A lot of people find their way to Feldenkrais because of pain, injury or chronic health conditions.This makes sense. The method is based on moving within your range and never overriding pain. The lessons are just as effective when done purely in your imagination, so no matter what your limitations, you can immediately benefit. But Feldenkrais works by getting away from concentrating on what is wrong with you. It’s not that you ignore the reality, but you practise diffusing your attention and taking the larger context into account.
Here’s a quote from Moshe Feldenkrais which I like:
Most people spend their lives using their strengths to overcome or cover up their weaknesses. Those few who use their strengths to incorporate their weaknesses, who don’t divide themselves, those people are very rare. In any generation there are a few and they lead their generation.
To me, this speaks not just to what can happen within the individual, but to what could happen within society as a whole if we stopped dividing ourselves into “sick” and “well.” Feldenkrais is not a therapeutic modality but an educational one. It allows you to see choices where you might previously have seen unalterable facts. This leads to a freshness and spontaneity that informs every aspect of life.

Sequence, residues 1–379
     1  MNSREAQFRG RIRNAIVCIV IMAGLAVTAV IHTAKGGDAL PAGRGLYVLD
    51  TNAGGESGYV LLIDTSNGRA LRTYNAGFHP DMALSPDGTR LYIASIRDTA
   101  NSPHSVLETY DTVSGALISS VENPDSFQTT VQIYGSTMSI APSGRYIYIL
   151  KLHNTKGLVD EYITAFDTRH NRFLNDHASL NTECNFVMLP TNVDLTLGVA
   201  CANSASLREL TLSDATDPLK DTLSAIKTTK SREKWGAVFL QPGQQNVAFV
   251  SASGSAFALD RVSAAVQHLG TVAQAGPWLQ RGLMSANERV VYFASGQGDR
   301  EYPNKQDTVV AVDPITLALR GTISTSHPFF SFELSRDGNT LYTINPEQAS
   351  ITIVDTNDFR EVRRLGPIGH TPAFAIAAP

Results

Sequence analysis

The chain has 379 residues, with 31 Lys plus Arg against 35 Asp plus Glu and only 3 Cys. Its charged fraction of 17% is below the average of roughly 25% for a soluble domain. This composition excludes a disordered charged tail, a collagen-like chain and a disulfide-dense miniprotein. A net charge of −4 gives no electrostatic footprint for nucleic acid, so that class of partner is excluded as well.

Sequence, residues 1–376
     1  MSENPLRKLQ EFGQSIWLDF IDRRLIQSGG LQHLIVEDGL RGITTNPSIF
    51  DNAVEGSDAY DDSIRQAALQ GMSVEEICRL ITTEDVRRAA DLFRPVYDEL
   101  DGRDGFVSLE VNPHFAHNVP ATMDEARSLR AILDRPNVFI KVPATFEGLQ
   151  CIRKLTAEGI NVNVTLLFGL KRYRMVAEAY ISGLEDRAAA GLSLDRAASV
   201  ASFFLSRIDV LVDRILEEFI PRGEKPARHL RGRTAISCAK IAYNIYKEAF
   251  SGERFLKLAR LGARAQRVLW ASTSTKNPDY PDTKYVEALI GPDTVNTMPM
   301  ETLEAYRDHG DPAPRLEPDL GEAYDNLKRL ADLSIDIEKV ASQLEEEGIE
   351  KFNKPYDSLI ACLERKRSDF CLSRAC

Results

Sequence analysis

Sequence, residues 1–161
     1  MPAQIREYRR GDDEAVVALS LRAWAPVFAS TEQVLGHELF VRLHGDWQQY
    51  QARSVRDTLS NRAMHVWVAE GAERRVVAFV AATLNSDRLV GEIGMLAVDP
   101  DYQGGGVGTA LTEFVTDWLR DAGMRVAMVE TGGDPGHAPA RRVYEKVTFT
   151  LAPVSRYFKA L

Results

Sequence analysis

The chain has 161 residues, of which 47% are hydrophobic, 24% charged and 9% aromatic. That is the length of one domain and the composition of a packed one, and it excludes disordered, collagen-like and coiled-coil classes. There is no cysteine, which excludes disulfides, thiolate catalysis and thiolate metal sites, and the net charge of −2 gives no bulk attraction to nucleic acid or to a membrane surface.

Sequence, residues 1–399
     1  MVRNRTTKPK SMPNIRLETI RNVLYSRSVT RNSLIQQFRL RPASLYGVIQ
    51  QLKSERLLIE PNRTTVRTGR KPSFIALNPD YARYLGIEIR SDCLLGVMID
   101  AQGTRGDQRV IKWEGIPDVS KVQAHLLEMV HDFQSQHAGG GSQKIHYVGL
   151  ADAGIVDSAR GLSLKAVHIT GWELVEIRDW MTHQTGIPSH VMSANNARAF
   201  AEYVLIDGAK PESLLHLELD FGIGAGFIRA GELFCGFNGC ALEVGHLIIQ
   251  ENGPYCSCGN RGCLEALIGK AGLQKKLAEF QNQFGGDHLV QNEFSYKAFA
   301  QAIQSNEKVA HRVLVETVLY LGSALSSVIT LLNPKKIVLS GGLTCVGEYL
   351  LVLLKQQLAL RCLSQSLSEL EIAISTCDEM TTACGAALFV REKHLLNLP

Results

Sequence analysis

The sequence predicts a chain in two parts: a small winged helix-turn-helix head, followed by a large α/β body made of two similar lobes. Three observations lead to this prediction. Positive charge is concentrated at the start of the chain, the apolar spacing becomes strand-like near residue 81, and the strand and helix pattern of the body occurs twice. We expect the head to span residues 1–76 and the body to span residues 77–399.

Here’s another quote:
The lessons are designed to expand the boundaries of the possible, to turn the impossible into the possible, the difficult into the easy and the easy into the pleasant.
To me, thinking about continuous improvement and endless possibilities is more useful than trying to fix what is wrong. Attending regular classes can have lots of health benefits, but it’s really a way of keeping your curiosity and creativity – as well your attention – in good shape.